This article is part of a series on Inter-Component Communication in Angular. While you can start anywhere, it’s always best to start at the beginning right!

Part 1 – Input Binding
Part 2 – Output Binding
Part 3 – Joining Service
Part 4 – ViewChild

We’re now onto our final method of communicating between components in Angular. And this is one that I wasn’t sure if I should really write up. You see, using ViewChild to get components talking to each other, in my opinion, is the last resort. It isn’t that reactive and often runs into various race conditions because you aren’t using things like EventEmitters and data binding, and instead you are resorting to call methods directly.

For the above reasons, I’m going to make this short and sweet because for the most part, you won’t be using ViewChild to communicate between components, but it’s still good to know it’s an option.

Calling A Method Via ViewChild

Imagine I have my AppComponent like so :

import { Component, ViewChild } from '@angular/core';
import { ChildComponent } from './child/child.component';

  selector: 'app-root',
  templateUrl: './app.component.html',
  styleUrls: ['./app.component.css']
export class AppComponent {
  @ViewChild(ChildComponent, {static : false}) childComponent : ChildComponent;

  runChild() {;

That also has HTML like so :

<button (click)="runChild()">Click Me</button>

We now have an AppComponent, with a button that when clicked, will “run” our child component.

Also notice that we use the @ViewChild() directive to find the ChildComponent in our HTML. There are a few different ways to do this, for example you can use the #name format in your HTML and then use that name to find the child, but the important thing here is that we can use @ViewChild() to essentially find child elements within the html and get a reference to them.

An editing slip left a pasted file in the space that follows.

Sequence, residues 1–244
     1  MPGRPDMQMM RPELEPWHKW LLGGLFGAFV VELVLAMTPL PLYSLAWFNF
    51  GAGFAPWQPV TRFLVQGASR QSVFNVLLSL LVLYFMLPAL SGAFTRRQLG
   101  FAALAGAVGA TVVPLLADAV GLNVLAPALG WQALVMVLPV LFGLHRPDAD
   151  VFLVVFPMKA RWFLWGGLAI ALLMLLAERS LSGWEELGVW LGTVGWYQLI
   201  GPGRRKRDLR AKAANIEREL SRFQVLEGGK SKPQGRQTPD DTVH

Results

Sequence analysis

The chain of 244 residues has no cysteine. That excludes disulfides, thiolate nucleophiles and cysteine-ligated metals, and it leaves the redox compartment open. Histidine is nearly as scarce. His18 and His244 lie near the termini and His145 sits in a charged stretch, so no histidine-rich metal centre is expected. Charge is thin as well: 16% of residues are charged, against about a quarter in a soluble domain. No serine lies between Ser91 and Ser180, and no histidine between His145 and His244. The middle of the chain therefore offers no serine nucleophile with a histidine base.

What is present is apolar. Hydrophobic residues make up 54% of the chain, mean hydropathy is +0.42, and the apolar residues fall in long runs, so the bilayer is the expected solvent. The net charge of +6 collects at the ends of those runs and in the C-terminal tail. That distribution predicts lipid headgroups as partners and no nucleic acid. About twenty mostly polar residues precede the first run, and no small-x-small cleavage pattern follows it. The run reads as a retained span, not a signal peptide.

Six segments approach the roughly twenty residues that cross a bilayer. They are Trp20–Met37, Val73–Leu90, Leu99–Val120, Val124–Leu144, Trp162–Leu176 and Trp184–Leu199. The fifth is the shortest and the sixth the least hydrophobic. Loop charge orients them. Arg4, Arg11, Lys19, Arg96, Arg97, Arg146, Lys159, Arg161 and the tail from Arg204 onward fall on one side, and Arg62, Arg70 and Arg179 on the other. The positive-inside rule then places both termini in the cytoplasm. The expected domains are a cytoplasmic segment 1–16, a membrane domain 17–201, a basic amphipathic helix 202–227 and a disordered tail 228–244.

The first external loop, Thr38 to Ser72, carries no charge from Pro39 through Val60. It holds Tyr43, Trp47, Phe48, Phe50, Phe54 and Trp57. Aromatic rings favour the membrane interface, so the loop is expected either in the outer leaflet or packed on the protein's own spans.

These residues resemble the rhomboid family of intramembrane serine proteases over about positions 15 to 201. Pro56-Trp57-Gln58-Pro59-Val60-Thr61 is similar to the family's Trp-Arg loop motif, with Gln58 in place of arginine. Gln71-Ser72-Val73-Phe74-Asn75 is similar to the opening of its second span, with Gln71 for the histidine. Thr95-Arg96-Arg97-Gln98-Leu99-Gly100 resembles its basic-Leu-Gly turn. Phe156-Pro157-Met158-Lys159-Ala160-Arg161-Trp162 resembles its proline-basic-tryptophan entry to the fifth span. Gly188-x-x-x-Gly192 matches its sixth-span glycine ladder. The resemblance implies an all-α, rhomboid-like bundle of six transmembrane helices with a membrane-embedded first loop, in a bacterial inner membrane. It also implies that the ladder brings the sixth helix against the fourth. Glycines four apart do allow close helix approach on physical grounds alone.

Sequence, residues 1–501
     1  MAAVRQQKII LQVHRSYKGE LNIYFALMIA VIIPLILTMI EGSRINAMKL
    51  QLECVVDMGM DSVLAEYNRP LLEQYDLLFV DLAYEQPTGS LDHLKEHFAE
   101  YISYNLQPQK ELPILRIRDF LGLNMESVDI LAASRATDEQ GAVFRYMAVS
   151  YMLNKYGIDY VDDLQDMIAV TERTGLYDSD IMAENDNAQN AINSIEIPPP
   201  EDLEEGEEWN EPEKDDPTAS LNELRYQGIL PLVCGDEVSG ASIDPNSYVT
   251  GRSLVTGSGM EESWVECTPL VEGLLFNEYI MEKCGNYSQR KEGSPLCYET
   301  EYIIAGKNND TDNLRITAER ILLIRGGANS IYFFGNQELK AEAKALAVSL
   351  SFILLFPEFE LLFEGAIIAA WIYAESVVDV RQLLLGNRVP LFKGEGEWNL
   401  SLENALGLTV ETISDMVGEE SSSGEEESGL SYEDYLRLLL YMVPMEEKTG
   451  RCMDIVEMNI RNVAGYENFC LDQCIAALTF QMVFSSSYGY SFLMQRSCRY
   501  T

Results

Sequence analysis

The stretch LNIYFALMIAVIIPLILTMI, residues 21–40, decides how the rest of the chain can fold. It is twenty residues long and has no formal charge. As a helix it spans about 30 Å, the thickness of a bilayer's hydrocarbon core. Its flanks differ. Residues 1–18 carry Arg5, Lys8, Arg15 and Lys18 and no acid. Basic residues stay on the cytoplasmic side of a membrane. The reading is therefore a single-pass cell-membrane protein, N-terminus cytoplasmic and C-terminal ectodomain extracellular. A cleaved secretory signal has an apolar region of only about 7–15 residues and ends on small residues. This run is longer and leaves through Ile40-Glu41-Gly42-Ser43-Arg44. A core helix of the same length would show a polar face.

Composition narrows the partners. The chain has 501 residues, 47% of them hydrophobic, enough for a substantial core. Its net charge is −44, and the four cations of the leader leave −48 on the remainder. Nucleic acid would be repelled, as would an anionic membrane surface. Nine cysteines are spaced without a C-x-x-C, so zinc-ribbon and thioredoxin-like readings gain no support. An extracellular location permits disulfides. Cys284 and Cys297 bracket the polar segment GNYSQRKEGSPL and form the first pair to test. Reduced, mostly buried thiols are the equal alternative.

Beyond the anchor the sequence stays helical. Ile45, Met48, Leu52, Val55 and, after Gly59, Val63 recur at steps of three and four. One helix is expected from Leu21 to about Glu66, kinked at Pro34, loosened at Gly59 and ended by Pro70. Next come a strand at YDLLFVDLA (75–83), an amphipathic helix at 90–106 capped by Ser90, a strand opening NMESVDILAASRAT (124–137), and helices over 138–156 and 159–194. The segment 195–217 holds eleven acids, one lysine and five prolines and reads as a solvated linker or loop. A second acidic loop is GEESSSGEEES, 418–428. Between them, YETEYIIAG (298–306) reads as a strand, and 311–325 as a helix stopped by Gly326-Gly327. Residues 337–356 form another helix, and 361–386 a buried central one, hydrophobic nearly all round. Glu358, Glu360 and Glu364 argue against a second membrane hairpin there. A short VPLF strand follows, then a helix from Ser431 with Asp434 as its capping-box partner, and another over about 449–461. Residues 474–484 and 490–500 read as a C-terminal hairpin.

Our ChildComponent looks like so :

  selector: 'app-child',
  templateUrl: './child.component.html',
  styleUrls: ['./child.component.css']
export class ChildComponent {
  run() {
    //Maybe a bunch of logic here. And then we set a message. 
    console.log("Run Successfully!" );

Nothing too fancy. Upon running this solution, when we click the button in our AppComponent, it calls the run method of our ChildComponent, and everything is great! So, the first thing to get into is..

Where Should You Use ViewChild

ViewChild in my opinion has a very discrete use case. When you need to call a specific method within a child component *and* you would like to subscribe to it (Or await a promise from it). It can allow you to do sync calls to a child component, and actually wait till it’s done before being completed.

Where you shouldn’t use ViewChild is :

Wade Developer
👋 Hey, I'm Wade
Wade is a full-stack developer that loves writing and explaining complex topics. He is an expert in Angular JS and was the owner of which was acquired by Upmostly in July 2022.

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